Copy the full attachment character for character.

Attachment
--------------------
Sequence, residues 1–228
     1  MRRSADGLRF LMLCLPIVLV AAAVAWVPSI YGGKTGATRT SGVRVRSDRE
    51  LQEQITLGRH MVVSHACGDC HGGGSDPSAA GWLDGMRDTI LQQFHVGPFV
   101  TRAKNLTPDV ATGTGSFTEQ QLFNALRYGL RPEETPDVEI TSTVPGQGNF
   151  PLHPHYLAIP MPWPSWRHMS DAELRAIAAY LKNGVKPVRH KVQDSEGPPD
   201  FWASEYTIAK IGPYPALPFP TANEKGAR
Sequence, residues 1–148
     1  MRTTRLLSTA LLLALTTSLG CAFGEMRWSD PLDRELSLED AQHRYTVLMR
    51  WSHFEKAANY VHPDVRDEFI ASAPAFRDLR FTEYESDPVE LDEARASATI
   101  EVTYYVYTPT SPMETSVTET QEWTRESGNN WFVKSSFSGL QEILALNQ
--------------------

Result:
Sequence, residues 1–228
     1  MRRSADGLRF LMLCLPIVLV AAAVAWVPSI YGGKTGATRT SGVRVRSDRE
    51  LQEQITLGRH MVVSHACGDC HGGGSDPSAA GWLDGMRDTI LQQFHVGPFV
   101  TRAKNLTPDV ATGTGSFTEQ QLFNALRYGL RPEETPDVEI TSTVPGQGNF
   151  PLHPHYLAIP MPWPSWRHMS DAELRAIAAY LKNGVKPVRH KVQDSEGPPD
   201  FWASEYTIAK IGPYPALPFP TANEKGAR
Sequence, residues 1–148
     1  MRTTRLLSTA LLLALTTSLG CAFGEMRWSD PLDRELSLED AQHRYTVLMR
    51  WSHFEKAANY VHPDVRDEFI ASAPAFRDLR FTEYESDPVE LDEARASATI
   101  EVTYYVYTPT SPMETSVTET QEWTRESGNN WFVKSSFSGL QEILALNQ